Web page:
By Odette Pollar,
The more I read about homelessness and the working poor, the more I wonder how we find ourselves in this position. The ranks of both are growing fast and it is clear as you walk down any city street that more and more people are not doing well. In the discussion about whether the minimum wage needs to be increased, the fast food industry, particularly, leads the charge claiming that a family can survive on the existing minimum wage. Even with the recent increase, families fall short of what is needed.
The book called Nickel and Dimed - On (Not) Getting By in America, by Barbara Ehrenreich, Metropolitan Books, is eloquently written. She is a writer, author and frequent contributor to Time, Harper’s Magazine and The New York Times. She wanted to learn if a person could survive and prosper on six to seven dollars an hour. Ehrenreich left her home and regular work and, for a number of months, took entry-level, minimum wage jobs. (On her applications she excluded her Ph.D. and freelance writing background, but otherwise remained truthful.)
Describing herself as a homemaker returning to the workforce, she worked as millions of Americans do, as a waitress, a hotel maid, a cleaning woman, a nursing home attendant and a Wal-Mart sales clerk. To gain a broad perspective, she worked in Florida, Minnesota, and Maine.
This book is excellent for many reasons. Not only is Ehrenreich a skilled writer, but also she simply described what she experienced without moralizing in either direction. Some of her lessons: She quickly learned that no job is truly “unskilled,” even those that are considered the lowliest occupations require exhausting mental and physical effort. She also learned, significantly, that one low-wage job is not enough. You need to work at least two if you intend to live indoors and not in your car, if you are fortunate enough to have a vehicle.
Even working two low-wage jobs she found no way to get ahead. None of her jobs were unionized so there were no vacation, sick leave or health benefits. The earnings did not cover the basics of housing, food, medical care, utilities and transportation. She had to do without something. Since most low-wage jobs are also physically demanding her co-workers were forced to work through injuries and wounds. (If you are off for illness, you don’t get paid.) Needing to purchase antibiotics for example, can set you back two to three months. The low-wage is not sufficient for simple entertainment, not to mention emergencies or unexpected expenses.
Many workers are forced to pay higher housing costs to be close enough to take public transportation to work. Finding reliable transportation is a constant concern and limits the ability to switch even to a slightly higher paying job.
Finding housing was nightmarish. Sometimes she was able to find residential hotels, other times trailer parks, and once a dormitory at $19 a night. Many low-wage workers live in residential motels at $200 to $300 a week because it is impossible to earn enough to save up a security deposit on an apartment. Many are forced to live against their preference with family members, co-workers or other colleagues in similar positions.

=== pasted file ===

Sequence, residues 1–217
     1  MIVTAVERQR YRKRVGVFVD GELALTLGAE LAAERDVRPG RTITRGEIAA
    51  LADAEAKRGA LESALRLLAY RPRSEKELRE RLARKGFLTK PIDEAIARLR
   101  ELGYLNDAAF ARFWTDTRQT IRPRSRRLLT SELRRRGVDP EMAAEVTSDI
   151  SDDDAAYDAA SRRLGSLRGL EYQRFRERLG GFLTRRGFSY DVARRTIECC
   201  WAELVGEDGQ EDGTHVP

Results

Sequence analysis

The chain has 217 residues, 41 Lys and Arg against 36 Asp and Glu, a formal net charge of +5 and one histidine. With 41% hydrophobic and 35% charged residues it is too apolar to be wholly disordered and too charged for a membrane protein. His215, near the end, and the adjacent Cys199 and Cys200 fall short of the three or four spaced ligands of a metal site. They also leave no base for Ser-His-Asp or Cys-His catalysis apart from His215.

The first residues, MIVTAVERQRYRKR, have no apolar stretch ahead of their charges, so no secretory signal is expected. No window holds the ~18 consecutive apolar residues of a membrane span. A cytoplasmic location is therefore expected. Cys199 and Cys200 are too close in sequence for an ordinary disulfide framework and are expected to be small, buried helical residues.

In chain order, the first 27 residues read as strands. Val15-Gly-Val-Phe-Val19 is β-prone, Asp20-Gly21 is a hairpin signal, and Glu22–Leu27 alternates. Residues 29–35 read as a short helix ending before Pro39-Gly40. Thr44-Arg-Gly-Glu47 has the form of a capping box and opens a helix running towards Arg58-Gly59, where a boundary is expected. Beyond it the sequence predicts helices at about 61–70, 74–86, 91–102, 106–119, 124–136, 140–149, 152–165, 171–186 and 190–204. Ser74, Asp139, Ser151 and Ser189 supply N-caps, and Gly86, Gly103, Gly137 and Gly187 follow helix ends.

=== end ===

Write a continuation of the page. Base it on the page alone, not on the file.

Even trying to hold down two jobs was problematic. Many low-wage jobs do not guarantee a set schedule, so when Ehrenreich was working at Wal-Mart she couldn’t take a weekend supermarket job because Wal-Mart changes schedules so frequently. She had a lot to say about how Wal-Mart treats employees, and it wasn’t pretty.
Many of the living places she found that she could afford did not include kitchen facilities, so she was forced to eat out at the cheapest fast food restaurants. Eating out is not only more costly, but is not known for high nutritional standards.
Working in Maine, 7 days a week, she came closest to achieving a decent balance between income and expenses. Between her two jobs she took home $300 a week after taxes. She managed to find a live-in motel for $480 a month. Fortunately and highly unusually, her rent included gas and electricity. Because one of her jobs was at a nursing home, she also got two or three free meals when she worked there on the weekends.
Imagine what Ehrenreich’s experience would have been in the incredibly expensive San Francisco Bay Area.
Ehrenreich says "Something is wrong, very wrong, when a single person in good health, a person who in addition possesses a working car, can barely support herself by the sweat of her brow. You don’t need a degree in economics to see that wages are too low and rents too high."
Nickel and Dimed - On (Not) Getting By in America, is a very thought-provoking book and an excellent exposé of what it really takes to survive in this, considered the richest country in the world.
Odette Pollar is a nationally known speaker, author, and consultant. President of the management consulting firm, Smart Ways to Work based in Oakland, CA, her most recent book is Surviving Information Overload. Email to share your comments, questions and suggestions: odette@SmartWaysToWork.com. Visit us at: www.smartwaystowork.com call: 1-800-599-8463.